7. Time Off. Executives often mix business and pleasure, and generally work while traveling. Depending on an employer’s policies and practices, that can lead to large and unexpected accruals of paid time off. Employers should address all of this up front, to avoid major disputes later; and make sure its time off and accrual policies are in compliance with recent legal developments.

8. Termination. Many employment agreements fail to address different reasons for termination of the employment. The agreement should anticipate and address all possible reasons for termination of employment. The parties may have a very different view about post-termination packages and obligations, depending on the reason for and timing of the departure.

It is better to have a road map for the different options than to leave items vague or open, and subject to later disputes. The parties should consider addressing what will happen if the employment is terminated due each of the following: death; disability; termination by the employer for cause; termination by the employer without cause; and voluntary resignation by the executive. They may also want to address a resignation by the executive for good reason and a termination due to a change of control.

9. Post-Termination Payments. Many employers do provide for post-termination payments of some sort, but fail to protect themselves. If an employer agrees to pay post-termination compensation, it should clearly state when it does (e.g. termination without cause) or does not (e.g. voluntary resignation or termination for misconduct) apply. It should also make the receipt of such compensation contingent on the executive’s compliance with all post-termination obligations (non-compete agreements, trade secret and confidentiality agreements, agreements not to hire or solicit employees, cooperation with litigation clauses, etc.); and a signed release of claims. Otherwise, it may find itself inadvertently funding a former executive’s new business venture and/or law suit.

10. Merger Clause. Merger clauses are often included in agreements as “boiler plate.” They can, however, critically impact future rights and obligations of the parties. The employer should be extremely careful not to inadvertently supersede some agreement (e.g. a prior non-compete agreement) that it wants to survive.

11. Arbitration Clause. The parties can opt to have future disputes decided in an arbitration forum in lieu of traditional litigation, and they can specially design the procedures under which arbitration will be conducted. Perceived advantages to employers generally include an expedited ultimate resolution, decreased protracted discovery and court procedures, and avoidance of erratic jury verdicts.

However, depending on the format (e.g. three-arbitrator panel with busy schedules), arbitration can be very expensive and can cause severe delays. Often, resolving a claim in court is faster and cheaper than arbitration. Also, as to both issues of law and fact, the ultimate decisions are left to the arbitrator with limited grounds for appeal (e.g., award procured by corruption, fraud or other undue means). Thus, the threat of an appeal which faces a judge who erroneously applies the law does not have the same effect on an arbitrator who may couch technical applications of the law in order to “split the baby.” Also, if not properly drafted, the existence of an arbitration clause in an executive agreement, trade secret/confidentiality agreement, non-compete agreement, etc., can effectively prevent the employer from obtaining an injunction with respect to violations.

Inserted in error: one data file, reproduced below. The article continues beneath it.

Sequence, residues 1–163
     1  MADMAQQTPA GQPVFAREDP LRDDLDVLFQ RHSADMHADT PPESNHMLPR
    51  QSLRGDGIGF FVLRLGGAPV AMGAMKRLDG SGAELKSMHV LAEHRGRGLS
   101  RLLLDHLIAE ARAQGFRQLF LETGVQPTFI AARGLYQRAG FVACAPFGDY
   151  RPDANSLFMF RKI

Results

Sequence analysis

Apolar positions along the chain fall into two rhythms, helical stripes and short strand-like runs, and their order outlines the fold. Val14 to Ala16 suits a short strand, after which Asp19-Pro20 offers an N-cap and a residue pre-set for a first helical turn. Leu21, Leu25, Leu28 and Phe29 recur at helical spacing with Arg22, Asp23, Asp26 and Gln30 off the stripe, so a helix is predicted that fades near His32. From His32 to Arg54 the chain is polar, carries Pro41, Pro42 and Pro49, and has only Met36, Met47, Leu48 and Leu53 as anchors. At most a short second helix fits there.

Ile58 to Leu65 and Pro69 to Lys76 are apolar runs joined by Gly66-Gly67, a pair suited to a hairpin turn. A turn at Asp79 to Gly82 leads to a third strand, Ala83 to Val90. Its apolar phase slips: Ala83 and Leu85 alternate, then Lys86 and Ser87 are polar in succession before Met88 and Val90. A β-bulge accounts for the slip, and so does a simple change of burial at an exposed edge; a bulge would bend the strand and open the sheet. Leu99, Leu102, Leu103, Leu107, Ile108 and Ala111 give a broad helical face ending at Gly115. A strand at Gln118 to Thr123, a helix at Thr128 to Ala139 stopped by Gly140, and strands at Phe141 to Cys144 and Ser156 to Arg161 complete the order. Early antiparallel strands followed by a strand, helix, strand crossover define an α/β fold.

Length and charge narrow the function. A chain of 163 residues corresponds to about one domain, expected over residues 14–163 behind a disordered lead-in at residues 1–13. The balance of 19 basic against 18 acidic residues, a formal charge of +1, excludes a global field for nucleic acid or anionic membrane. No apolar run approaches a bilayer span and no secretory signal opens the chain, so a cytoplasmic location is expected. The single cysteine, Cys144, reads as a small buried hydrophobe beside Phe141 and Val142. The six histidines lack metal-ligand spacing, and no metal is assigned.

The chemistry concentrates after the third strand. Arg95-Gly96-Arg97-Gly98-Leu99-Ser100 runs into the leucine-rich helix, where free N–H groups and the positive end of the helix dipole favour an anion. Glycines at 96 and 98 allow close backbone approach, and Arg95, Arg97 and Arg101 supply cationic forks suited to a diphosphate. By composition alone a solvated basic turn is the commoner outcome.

E. Unsigned Agreements

It is surprisingly common for employers to have written, but unsigned, agreements in their files. If the parties clearly agreed that there is no agreement until there is a signed agreement, i.e. it is a condition precedent, then the Minnesota courts will enforce that. “When both parties have ‘clearly indicated an intent not to be bound’ until they execute a formal document, no contract exists.” Moga v. Shorewater Advisors, LLC, No. A08-785, 2009 WL 982237, at *4 (Minn. Ct. App. 2009) (unpublished opinion) (citation omitted). Even where “one party has ‘intended and expressed the intention from the start not to be bound at all until the execution of the formal contract,’ there is no contract until the condition is fulfilled.” Id. (citation omitted).

However, employers and employees frequently engage in negotiations without expressly stating that a fully signed agreement is a condition of the contract being enforced. In those cases, a contract may be binding on a party though not signed by that party if assent or mutuality is shown by the fact that the parties accepted the writing as a binding contract and acted on it as such, even though it was not signed. Welsh v. Barnes-Duluth Shipbuilding Co., 21 N.W.2d 43, 46–47 (Minn. 1945). Even a reference to a future contract in writing will not automatically nullify the existence of the present, binding contract, if the parties have agreed to all the essential terms of the contract and proceeded to perform in reliance upon it. Asbestos Products, Inc. v. Healy Mechanical Contractors, Inc., 235 N.W.2d 807, 810 (Minn. 1975); see also Massee v. Gibbs, 169 Minn. 100, 105, 210 N.W. 872, 874 (Minn. 1926);Riley Bros. Constr., Inc. v. Shuck, 704 N.W.2d 197, 203 (Minn. Ct. App. 2005); Moga v. Shorewater Advisors, LLC, No. A08-785, 2009 WL 982237, at *5 (Minn. Ct. App. April 14, 2009).